How the Next-Generation Learning Is Shaping the Future of Education

For the first time in years, the place, pace, and time of imparting education are taking a back seat, and empathy, engagement, and personalization are taking center stage in shaping next-generation learning. Our educational landscape has been evolving at a rapid pace to keep up with the fast-changing environment. And now, the tremendous impact of the Covid-19 pandemic on our contemporary learning process may have changed education, as we know it, forever. The pandemic’s difficulties and challenges have highlighted the need for an equitable, sustainable, and holistic learning environment. The way we learn is changing as a result of new interventions and innovations. The following are some of the learning methodologies that are revolutionizing next-generation learning:

  1. Social-Emotional Learning
  2. Competency-based Learning
  3. Project-based Learning
  4. Blended Learning
  5. Non-traditional Learning
People working around the table on the consolidated learning concept
Image: Adobe Stock. Integration Blend Combine Merge Unite Consolidate Concept

1.  Social-Emotional Learning (SEL)

 

Social-Emotional Learning (SEL) is a process in which students gain social and emotional skills that will help them navigate real-world situations. SEL is defined by The Collaborative for Academic, Social, and Emotional Learning (CASEL) as “the process through which all young people and adults acquire and apply the knowledge, skills, and attitudes to develop healthy identities, manage emotions and achieve personal and collective goals, feel and show empathy for others, establish and maintain supportive relationships, and make responsible and caring decisions1.” Though SEL has been around for many decades, its importance was greatly felt when COVID-19 unleashed its trauma on students’ mental health.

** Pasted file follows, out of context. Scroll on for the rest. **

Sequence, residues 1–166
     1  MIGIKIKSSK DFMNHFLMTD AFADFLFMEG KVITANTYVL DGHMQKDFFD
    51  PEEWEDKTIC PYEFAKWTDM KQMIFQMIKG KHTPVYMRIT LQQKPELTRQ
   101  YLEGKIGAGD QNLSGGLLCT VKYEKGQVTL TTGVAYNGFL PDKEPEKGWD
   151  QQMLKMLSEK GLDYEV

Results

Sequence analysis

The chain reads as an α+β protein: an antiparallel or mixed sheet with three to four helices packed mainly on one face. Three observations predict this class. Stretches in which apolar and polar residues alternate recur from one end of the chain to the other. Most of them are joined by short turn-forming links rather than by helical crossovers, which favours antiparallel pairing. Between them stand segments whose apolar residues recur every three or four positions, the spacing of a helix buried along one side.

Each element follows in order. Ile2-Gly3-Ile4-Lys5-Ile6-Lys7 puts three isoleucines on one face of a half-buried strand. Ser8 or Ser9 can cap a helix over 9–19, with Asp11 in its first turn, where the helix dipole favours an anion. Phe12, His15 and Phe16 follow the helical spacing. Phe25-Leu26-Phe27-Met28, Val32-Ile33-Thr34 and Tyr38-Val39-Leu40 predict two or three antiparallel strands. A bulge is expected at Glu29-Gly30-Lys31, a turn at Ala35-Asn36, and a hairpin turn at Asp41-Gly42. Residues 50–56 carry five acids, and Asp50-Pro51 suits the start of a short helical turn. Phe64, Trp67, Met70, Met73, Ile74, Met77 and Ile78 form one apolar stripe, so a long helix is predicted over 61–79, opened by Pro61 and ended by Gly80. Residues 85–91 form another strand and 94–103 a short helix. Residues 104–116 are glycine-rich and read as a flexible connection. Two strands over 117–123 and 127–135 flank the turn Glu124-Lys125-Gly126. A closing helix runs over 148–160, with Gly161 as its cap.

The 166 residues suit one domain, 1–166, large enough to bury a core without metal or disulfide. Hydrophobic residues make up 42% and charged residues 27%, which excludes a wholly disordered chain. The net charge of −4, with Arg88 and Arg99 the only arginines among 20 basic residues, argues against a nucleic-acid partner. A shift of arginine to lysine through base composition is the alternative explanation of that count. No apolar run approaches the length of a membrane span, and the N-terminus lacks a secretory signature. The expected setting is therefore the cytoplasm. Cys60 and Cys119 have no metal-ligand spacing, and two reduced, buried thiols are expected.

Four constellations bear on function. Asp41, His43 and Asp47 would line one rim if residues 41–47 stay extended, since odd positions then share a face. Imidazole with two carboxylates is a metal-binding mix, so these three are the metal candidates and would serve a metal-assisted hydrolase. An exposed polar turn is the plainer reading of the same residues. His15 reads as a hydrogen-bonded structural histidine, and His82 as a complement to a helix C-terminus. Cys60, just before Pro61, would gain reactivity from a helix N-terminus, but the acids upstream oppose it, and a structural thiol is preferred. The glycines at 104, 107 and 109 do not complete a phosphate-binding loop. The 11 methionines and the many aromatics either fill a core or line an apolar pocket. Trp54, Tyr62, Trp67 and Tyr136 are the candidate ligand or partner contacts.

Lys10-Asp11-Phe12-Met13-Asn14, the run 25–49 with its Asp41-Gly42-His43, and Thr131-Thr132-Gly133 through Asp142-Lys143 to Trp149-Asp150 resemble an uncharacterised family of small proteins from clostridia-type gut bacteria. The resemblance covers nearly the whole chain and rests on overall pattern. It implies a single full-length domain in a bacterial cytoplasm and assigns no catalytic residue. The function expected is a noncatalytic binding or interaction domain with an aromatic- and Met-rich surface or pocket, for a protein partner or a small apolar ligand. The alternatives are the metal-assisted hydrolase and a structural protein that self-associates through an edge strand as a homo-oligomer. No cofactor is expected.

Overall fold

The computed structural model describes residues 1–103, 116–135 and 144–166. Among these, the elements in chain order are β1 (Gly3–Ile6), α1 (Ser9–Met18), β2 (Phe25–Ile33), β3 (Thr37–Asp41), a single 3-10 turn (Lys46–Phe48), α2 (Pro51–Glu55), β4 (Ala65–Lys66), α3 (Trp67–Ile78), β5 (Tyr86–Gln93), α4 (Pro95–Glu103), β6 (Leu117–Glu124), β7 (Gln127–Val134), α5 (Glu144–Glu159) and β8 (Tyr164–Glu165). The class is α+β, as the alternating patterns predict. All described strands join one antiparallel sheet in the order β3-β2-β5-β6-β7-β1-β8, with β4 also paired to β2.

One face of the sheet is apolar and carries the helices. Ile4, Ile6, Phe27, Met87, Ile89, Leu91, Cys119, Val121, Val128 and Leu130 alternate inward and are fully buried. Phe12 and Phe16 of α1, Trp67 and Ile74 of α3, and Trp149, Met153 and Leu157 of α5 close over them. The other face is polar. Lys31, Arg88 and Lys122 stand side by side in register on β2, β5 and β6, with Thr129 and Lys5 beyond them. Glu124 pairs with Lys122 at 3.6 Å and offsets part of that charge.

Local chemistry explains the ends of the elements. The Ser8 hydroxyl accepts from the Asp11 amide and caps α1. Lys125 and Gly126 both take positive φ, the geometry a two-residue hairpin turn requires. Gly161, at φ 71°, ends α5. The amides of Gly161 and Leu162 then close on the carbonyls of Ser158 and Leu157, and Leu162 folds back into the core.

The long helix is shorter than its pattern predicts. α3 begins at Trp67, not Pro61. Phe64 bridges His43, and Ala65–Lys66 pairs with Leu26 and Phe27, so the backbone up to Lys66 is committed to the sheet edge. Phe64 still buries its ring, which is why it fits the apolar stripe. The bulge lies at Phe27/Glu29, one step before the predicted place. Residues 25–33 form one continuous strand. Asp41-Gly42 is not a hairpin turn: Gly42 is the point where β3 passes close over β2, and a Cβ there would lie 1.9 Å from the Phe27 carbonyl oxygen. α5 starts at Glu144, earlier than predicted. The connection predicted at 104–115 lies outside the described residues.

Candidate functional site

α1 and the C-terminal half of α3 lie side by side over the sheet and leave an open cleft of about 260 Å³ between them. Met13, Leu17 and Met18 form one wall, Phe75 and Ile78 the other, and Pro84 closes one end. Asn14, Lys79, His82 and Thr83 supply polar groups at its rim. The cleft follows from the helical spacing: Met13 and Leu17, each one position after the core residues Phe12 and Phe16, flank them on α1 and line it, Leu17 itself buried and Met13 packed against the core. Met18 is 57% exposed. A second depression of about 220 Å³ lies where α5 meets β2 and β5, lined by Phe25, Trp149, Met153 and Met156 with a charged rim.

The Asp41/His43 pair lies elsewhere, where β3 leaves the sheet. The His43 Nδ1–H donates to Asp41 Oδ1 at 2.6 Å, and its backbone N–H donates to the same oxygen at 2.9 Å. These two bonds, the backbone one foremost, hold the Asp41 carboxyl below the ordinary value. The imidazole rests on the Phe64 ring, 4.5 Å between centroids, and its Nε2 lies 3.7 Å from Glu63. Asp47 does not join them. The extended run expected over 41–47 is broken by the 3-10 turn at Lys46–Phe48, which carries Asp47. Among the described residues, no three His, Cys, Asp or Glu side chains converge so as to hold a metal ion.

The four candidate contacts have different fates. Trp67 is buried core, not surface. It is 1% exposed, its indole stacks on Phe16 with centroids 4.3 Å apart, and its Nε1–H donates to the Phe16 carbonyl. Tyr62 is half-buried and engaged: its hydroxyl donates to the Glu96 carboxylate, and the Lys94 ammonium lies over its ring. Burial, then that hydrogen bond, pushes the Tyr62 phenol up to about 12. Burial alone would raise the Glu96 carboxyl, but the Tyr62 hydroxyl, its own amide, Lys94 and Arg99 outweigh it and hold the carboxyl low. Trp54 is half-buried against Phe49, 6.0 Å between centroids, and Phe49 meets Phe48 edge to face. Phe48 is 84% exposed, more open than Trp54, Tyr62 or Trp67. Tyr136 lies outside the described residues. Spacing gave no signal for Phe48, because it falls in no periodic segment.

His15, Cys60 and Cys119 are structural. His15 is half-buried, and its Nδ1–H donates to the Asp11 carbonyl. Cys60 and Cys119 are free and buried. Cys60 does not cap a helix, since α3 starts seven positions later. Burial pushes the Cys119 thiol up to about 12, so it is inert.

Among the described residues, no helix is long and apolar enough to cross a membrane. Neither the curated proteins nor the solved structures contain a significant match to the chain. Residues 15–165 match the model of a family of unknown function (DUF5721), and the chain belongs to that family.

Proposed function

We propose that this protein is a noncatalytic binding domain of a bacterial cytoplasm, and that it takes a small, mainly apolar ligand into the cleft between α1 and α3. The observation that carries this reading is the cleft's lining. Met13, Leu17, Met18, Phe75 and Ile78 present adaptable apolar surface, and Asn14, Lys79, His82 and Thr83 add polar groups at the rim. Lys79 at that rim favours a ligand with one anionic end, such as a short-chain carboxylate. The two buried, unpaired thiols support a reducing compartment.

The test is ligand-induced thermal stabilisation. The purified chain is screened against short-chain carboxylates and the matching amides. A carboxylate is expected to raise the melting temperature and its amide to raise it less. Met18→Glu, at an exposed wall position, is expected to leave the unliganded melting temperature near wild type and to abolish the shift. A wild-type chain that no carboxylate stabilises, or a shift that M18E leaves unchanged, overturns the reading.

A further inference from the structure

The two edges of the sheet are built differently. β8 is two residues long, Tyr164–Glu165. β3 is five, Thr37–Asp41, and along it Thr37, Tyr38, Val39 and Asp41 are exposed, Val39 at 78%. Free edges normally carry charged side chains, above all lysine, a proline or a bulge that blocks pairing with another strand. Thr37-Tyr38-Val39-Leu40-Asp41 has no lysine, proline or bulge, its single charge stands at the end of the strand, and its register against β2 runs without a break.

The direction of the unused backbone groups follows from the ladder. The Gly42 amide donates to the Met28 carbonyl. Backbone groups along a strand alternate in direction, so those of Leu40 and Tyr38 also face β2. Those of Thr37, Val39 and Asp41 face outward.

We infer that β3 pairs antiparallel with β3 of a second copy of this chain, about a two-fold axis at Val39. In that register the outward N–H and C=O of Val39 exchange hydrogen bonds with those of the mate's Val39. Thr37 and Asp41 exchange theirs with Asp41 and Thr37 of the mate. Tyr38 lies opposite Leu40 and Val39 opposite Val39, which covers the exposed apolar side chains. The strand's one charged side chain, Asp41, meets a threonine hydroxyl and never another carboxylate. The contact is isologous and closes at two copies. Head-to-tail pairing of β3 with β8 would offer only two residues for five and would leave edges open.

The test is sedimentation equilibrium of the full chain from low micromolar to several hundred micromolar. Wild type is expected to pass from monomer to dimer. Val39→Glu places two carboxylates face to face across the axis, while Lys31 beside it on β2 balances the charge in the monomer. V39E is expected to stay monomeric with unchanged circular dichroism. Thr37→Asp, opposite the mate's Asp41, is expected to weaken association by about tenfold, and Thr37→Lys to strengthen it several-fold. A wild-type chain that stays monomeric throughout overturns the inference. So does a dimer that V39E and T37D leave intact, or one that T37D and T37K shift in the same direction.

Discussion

The five core competencies of SEL are self-awareness, self-management, social awareness, relationship skills, and responsible decision-making. These aid children in developing strong emotional and social abilities, navigating social difficulties, and being prepared for the present and future.   According to a growing body of evidence, social-emotional learning is crucial to the future of education, and teachers concur 2. Increasingly, schools, with the help of educational technology, are incorporating SEL into their mainstream curriculum. Educators believe that with many SEL activities — ranging from daily greetings and journaling to technology-infused games like Minecraft — students can be taught to regulate emotions, be self-aware, and prepared even in the face of unpredictable events like a global pandemic.

2.  Competency-based Learning

 

Competency-based Learning, as the name implies, focuses on students’ ability to master academic content and skills regardless of time, pace, or location of instruction. It has drawn attention for its flexible, self-paced, and personalized approach to learning, as opposed to the traditional “one-size-fits-all” approach. With COVID-19 shedding light on glaring inequalities in our education system, attention has now shifted to the possibilities of a competency-based learning model in bridging the gap.

With the “Public School Transformation Now3” campaign, the National School Boards Association began reforming the current educational system earlier this year by introducing competency-based education programs. The campaign promotes programs tailored to the needs of the individual student by “shifting the focus from time-based credits to academic mastery3.” The campaign also believes that emphasizing blended learning, formative assessments, and student-ready practices rather than seat-time requirements will increase engagement, reduce drop-out, and improve students’ 21st-century skills. An increasing number of American states are now implementing competency-based learning models, with as many as 29 states already allowing their districts to award credits based on competency rather than seat-time.